Autism Awareness Begins Early
Karen Thomson, M.A., St. Louis LDA Early Childhood Outreach
Research has demonstrated that early identification of Autism Spectrum Disorder (ASD) is of great benefit to children, families and the community. Timely interventions help to improve academic performance and reduce behavior challenges. The sooner children are identified as being on the spectrum, the more likely they are to participate socially and have greater feelings of self-worth. However, in spite of these benefits—and despite advances in screening tools to detect ASD in young children—most children are not identified until they are in elementary school. This is past the age at which early intervention services are most beneficial. Parents, caregivers and early education teachers are critical in identifying young children with ASD.
Specific to families, diagnosing autism as soon as possible provides some answers for their children’s development. This creates a deeper understanding of the actual effects for their child and begins the process of perceiving the future another way. Families are able to replace worry with solid information about the nature of their child’s challenges. This allows them to move from unfocused concern and panic to factual information and an action plan to support their child. Such mobilization is often a source of relief from some Save & Exit of the anxiety parents experience as they move through the process.
Children with autism have a different learning profile. These children are more successful when they receive unique teaching and approaches to a curriculum that is built for their distinctive learning style. There is more focus on direct instruction, increased structure, and intervention hours. A number of studies have documented better outcomes for young children with autism who receive intensive and specialized treatment by age 3.
Diagnosing ASD is most
- often a two-step process:Developmental Screening
- Comprehensive Diagnostic Evaluation
Autism Spectrum Disorder (ASD) can be detected at 18 months or younger. By age 2, a diagnosis by an experienced professional can be considered very reliable. However, many children do not receive a final diagnosis until they are much older. This delay means that children with ASD might not get the help they need.
The lifetime price of autism is costly and life-changing for the child, so it is critical that early detection efforts and access to early intervention be improved to decrease negative impact and increase positive outcomes.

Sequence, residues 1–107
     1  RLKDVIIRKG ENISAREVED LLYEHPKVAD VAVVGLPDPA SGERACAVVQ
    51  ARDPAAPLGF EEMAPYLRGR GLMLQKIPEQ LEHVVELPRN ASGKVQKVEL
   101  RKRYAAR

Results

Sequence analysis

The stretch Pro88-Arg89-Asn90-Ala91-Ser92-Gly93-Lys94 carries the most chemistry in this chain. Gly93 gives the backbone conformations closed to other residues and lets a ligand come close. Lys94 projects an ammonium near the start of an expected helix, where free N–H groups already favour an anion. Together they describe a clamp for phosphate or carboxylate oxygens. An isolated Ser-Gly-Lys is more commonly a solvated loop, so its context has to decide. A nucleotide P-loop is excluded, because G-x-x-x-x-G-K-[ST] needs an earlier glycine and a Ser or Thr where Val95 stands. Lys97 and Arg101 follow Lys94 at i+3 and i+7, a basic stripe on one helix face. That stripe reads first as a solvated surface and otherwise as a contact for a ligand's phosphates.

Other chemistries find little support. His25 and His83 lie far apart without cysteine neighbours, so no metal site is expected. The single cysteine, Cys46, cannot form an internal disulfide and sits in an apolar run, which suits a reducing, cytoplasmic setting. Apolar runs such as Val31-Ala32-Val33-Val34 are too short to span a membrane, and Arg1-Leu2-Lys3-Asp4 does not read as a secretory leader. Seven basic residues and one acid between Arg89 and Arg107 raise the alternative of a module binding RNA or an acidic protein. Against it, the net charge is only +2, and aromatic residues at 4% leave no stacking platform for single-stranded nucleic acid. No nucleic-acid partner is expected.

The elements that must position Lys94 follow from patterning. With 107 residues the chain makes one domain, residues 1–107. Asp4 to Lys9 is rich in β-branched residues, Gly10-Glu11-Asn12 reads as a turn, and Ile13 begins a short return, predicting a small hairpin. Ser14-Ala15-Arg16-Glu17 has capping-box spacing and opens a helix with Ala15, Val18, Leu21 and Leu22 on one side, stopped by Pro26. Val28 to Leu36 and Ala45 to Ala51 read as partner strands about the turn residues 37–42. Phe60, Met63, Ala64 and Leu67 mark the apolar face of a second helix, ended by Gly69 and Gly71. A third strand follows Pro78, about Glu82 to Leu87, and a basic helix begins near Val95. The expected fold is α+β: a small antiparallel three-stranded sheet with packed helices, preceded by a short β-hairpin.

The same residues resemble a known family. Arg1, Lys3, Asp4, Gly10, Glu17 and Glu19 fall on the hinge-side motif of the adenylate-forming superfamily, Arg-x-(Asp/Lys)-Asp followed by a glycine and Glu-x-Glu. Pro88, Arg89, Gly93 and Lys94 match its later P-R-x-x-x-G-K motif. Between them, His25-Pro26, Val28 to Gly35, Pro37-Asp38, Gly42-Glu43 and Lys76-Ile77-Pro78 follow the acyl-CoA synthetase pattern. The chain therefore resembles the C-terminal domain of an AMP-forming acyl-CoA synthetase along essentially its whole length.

- Early detection of ASD benefits children, families and society.
- Screening tools can identify young children at-risk for ASD.
- Many children are identified past the age at which early intervention is most useful.
- Parents, caregivers, and early education teachers are uniquely placed to screen and refer for autism spectrum disorders.
Information taken from St. Louis LDA’s Autism Spectrum Disorder Workshop. For more information about St. Louis LDA’s early intervention services or our Early Childhood Outreach Program, please call 314-966-3088.
A CUP OF JOE
Dyslexia: Coming To a School Near You – Part II
Joe Biondo, MA
In the February 2018 edition of the LDA Leader I briefly touched on the mandate by the Missouri legislature requiring all public schools in the state to begin screening for Dyslexia during the 2018/2019 school year. I included the definition of Dyslexia by the International Dyslexia Association and briefly described the intent of screening as it applies to Dyslexia.
As of this writing, the Department of Elementary and Secondary Education (DESE) task force assigned to define the guidelines for this screening continues to gather information, develop the guidelines and finalize the process. Many school districts have already established a training component for teachers and administrators as to a screening process, tools to be used for screening and criteria for identification of at-risk students for Dyslexia. Many more districts have yet to begin the process and are waiting for DESE to give screening specifics.
St. Louis LDA, in cooperation with the Decoding Dyslexia Missouri parents group, met with a representative of the DESE team in January of 2018, and we were given a draft of the Screening for Dyslexia Flowchart. Recommendations were made to the DESE representative concerning greater emphasis on Dyslexia Screening versus Universal Screening.